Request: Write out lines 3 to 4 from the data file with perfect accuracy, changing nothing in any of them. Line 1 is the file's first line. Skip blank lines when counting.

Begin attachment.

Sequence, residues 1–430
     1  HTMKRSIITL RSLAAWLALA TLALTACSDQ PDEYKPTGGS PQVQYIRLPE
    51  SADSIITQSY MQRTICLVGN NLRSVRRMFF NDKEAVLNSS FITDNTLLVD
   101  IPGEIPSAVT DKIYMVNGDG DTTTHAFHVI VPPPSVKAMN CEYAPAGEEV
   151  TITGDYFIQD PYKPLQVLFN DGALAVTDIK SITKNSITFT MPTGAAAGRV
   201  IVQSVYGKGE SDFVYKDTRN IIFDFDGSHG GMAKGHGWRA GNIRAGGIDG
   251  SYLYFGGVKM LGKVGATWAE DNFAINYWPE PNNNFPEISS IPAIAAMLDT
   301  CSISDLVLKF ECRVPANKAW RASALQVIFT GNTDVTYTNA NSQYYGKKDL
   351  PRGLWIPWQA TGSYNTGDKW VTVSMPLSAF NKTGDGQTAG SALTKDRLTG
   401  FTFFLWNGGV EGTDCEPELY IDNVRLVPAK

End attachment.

    51  SADSIITQSY MQRTICLVGN NLRSVRRMFF NDKEAVLNSS FITDNTLLVD
   101  IPGEIPSAVT DKIYMVNGDG DTTTHAFHVI VPPPSVKAMN CEYAPAGEEV